Art/ Collection/ Art Object
{{img.publicCaption}}

Jardinière

Factory:
Levavasseur
Date:
ca. 1775
Culture:
French, Rouen
Medium:
Faience (tin-glazed earthenware)
Dimensions:
Overall: 4 5/16 × 8 1/4 × 4 1/8 in. (11 × 21 × 10.5 cm)
Classification:
Ceramics-Pottery
Credit Line:
Gift of R. Thornton Wilson, in memory of Florence Ellsworth Wilson, 1950
Accession Number:
50.211.107
Not on view
Faience, or tin-glazed and enameled earthenware, first emerged in France during the sixteenth century, reaching widespread usage among elite patrons during the seventeenth and early eighteenth centuries, prior to the establishment of soft-paste porcelain factories. Although characterized as more provincial in style than porcelain, French faience was used at the court of Louis XIV as part of elaborate meals and displays, with large-scale vessels incorporated into the Baroque garden designs of Versailles. Earlier examples of French faience attest to the strong influence of maiolica artists from Italy. Later works demonstrate the ways in which cities such as Nevers, Rouen, Lyon, Moustiers, and Marseille developed innovative vessel shapes and decorative motifs prized among collectors throughout Europe.

While faience can be created from a wide mixture of clays, it is foremost distinguished by the milky opaque white color achieved by the addition of tin oxide to the glaze. French faience is typically divided into two types. Grand feu (high fire) describes pieces that have been decorated with glaze and metallic oxides before being fired a single time at a high temperature of around 1650°F (900°C). Petit feu (low-fire) faience, developed in the second half of the eighteenth century, refers to a process whereby the clay body is fired before being glazed and decorated with metallic oxides and then fired again at a lower temperature; pieces can also go through a third firing. Grand feu pieces have a more limited color palette that consists of blue, yellow, brown-purple, and green. By contrast, the lower firing temperature of petit feu faience enabled both greater precision in painting techniques and variety in the range of colors.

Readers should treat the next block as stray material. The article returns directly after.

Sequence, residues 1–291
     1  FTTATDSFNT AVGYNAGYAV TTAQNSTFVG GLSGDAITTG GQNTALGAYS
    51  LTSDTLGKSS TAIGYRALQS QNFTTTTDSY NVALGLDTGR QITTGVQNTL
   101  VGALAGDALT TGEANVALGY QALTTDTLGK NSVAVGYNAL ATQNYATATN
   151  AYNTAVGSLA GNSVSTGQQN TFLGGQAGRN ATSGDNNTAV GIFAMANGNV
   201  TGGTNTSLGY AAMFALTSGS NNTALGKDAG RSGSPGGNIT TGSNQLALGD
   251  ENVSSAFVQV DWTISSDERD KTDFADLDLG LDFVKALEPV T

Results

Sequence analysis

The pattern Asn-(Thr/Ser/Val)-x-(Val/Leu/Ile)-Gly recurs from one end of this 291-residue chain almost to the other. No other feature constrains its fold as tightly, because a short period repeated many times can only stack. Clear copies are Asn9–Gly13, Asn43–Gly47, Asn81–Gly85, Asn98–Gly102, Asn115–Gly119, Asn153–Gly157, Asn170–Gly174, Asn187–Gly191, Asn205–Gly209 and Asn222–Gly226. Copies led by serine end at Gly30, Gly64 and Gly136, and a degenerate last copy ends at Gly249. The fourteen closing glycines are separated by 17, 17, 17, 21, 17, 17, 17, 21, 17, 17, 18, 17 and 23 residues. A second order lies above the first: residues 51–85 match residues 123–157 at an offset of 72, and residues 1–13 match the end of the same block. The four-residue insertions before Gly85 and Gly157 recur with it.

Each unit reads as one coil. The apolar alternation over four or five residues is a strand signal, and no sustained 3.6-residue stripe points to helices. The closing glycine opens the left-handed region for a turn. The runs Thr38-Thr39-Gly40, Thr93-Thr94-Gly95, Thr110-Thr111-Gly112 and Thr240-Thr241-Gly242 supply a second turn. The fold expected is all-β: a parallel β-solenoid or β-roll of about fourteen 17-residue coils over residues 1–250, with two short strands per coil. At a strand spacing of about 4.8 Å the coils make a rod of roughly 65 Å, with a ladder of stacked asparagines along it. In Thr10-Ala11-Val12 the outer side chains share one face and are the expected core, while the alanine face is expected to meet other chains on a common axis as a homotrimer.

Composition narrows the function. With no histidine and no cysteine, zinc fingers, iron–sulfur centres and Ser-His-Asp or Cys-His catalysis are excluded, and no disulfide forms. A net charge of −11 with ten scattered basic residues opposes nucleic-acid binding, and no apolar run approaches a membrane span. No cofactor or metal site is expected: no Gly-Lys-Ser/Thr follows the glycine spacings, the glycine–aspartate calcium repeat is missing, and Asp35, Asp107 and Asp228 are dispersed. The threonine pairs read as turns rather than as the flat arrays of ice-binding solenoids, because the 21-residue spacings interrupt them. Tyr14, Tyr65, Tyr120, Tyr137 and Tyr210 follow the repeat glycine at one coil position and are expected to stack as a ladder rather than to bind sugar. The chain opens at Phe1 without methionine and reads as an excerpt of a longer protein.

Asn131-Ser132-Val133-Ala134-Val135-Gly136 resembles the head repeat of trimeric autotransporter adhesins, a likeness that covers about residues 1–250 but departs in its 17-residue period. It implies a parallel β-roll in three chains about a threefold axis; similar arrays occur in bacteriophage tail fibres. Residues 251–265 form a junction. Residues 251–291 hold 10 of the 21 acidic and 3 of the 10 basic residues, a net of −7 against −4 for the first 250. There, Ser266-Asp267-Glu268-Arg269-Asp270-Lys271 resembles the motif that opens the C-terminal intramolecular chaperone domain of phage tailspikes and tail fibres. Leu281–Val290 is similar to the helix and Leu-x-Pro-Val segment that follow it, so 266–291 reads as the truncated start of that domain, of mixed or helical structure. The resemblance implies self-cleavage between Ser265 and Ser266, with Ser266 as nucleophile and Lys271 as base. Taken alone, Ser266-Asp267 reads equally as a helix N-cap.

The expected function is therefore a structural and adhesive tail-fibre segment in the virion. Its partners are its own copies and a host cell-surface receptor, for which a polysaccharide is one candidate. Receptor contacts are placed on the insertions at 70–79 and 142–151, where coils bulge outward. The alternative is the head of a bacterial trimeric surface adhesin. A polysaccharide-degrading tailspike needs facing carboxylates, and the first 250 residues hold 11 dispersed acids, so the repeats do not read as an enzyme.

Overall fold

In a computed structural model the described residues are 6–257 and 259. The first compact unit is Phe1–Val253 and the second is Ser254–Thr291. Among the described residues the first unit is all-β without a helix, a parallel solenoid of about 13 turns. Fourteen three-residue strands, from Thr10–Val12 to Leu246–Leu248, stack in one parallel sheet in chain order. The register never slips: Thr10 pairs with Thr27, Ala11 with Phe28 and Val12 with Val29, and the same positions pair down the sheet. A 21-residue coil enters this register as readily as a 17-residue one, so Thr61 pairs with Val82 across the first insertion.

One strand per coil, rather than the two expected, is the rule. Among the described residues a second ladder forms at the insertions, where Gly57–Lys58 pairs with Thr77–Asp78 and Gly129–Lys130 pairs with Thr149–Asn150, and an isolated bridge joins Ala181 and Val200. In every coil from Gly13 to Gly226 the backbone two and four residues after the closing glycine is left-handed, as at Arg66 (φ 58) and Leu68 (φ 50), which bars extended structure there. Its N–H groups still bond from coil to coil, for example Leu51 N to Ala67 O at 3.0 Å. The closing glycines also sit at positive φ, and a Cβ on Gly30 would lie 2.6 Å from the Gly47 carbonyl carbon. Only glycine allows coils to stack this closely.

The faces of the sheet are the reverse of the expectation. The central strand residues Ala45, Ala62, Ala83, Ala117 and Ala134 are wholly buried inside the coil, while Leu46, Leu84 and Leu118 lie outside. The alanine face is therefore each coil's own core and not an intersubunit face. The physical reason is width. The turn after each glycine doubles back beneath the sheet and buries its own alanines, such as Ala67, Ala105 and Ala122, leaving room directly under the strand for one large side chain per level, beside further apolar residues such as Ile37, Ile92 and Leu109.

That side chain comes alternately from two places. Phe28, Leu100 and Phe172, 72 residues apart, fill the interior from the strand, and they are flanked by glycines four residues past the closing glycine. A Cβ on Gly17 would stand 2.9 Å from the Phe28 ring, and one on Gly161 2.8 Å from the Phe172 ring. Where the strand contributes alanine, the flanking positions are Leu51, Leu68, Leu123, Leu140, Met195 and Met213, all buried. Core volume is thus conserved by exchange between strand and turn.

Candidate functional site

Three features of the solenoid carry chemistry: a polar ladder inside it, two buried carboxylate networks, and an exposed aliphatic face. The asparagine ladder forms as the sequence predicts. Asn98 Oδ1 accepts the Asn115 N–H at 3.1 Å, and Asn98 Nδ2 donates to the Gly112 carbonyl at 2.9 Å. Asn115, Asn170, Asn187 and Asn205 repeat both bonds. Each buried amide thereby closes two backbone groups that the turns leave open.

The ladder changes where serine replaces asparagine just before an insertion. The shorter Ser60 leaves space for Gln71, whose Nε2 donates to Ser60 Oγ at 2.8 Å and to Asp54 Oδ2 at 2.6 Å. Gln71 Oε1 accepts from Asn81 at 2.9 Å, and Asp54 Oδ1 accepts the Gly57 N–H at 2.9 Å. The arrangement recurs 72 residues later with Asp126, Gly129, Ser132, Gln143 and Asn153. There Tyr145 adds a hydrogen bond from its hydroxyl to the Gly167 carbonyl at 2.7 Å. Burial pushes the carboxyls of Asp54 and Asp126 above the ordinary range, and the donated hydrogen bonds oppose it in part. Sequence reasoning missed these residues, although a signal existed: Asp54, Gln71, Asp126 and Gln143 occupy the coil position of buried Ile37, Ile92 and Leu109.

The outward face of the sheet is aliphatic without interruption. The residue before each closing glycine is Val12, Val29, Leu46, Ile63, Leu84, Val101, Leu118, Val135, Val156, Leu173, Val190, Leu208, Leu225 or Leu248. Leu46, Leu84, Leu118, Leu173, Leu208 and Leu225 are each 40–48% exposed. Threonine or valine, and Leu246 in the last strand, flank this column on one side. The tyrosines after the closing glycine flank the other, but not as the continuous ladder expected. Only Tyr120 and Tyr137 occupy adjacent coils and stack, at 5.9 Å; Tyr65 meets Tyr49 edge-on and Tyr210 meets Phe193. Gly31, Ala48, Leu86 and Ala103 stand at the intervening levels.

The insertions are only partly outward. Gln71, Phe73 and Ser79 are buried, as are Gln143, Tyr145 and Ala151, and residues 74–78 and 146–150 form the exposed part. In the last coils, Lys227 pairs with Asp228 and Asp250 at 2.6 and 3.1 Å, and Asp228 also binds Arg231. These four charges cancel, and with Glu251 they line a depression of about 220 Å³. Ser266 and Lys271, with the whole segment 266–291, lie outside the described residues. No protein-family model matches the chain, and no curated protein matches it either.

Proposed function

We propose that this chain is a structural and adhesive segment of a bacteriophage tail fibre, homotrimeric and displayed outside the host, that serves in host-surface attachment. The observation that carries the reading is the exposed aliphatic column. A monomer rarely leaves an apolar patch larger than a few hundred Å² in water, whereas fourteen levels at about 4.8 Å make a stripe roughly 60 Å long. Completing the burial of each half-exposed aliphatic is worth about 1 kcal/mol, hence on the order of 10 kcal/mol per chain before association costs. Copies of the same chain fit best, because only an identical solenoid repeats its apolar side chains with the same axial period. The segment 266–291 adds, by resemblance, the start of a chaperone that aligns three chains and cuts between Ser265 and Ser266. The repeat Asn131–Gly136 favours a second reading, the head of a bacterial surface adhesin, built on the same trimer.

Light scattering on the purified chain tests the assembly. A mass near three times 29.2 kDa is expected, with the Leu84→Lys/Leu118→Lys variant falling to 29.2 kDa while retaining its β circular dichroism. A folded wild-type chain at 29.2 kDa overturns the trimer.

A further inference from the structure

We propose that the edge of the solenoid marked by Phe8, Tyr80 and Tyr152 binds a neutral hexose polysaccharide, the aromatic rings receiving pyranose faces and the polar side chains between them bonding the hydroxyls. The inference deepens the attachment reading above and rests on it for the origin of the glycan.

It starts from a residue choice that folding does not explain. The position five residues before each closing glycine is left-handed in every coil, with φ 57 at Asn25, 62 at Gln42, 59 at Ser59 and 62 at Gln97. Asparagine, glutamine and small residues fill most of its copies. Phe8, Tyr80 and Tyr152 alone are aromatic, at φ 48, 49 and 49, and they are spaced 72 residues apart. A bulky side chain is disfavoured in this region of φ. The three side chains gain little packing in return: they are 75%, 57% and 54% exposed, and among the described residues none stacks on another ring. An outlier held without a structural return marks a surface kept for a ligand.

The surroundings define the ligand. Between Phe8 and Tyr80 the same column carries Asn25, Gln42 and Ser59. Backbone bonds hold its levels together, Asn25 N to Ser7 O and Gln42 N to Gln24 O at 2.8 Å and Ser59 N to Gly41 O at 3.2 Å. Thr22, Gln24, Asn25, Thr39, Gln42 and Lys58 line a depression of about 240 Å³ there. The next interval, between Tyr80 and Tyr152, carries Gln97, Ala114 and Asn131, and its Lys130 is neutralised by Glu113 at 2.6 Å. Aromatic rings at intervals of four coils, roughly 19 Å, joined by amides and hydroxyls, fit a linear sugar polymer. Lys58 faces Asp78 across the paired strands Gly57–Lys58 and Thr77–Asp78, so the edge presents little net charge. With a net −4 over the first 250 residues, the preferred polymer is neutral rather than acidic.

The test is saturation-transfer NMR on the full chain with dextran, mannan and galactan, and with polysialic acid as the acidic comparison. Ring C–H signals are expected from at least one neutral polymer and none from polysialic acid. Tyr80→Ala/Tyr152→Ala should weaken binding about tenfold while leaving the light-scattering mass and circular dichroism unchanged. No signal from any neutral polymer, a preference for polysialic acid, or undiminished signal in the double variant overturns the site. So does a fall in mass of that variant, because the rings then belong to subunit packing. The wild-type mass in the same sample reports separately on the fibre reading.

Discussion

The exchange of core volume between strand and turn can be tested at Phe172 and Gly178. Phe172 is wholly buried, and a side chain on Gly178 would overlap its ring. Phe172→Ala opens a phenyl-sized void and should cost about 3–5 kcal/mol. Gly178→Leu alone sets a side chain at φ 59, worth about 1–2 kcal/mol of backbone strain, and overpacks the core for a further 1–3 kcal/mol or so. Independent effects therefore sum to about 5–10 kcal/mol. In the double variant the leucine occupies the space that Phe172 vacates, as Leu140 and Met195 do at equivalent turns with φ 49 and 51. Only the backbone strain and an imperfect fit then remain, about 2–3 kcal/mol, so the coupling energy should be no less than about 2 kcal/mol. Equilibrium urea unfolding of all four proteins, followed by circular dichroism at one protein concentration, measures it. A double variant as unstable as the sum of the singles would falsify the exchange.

Asher Wertheimer ; or Charles Wertheimer ; Tumin (before 1932–36; sale, Tumin collection, Hôtel Drouot, Paris, June 11, 1936, no. 71; sold to Gilbert Lévy); Gilbert Lévy (in 1936) ; [ Gaston Bensimon , New York; sold to Wilson ] ; R. Thornton Wilson (until 1950; to MMA)
Related Objects

Plate

Artist: Levavasseur Date: ca. 1788 Medium: Faience (tin-glazed earthenware) Accession: 17.190.1899 On view in:Not on view

Plateau

Artist: Levavasseur Date: ca. 1788 Medium: Faience (tin-glazed earthenware) Accession: 17.190.1901 On view in:Not on view

Cruet-stand with cruets

Artist: Levavasseur Date: ca. 1788 Medium: Faience (tin-glazed earthenware) Accession: 17.190.1902a–e On view in:Not on view

Water jug

Artist: Levavasseur Date: ca. 1788 Medium: Faience (tin-glazed earthenware); pewter thumbpiece Accession: 17.190.1903 On view in:Not on view

Plate

Artist: Levavasseur Date: ca. 1788 Medium: Faience (tin-glazed earthenware) Accession: 17.190.1904 On view in:Not on view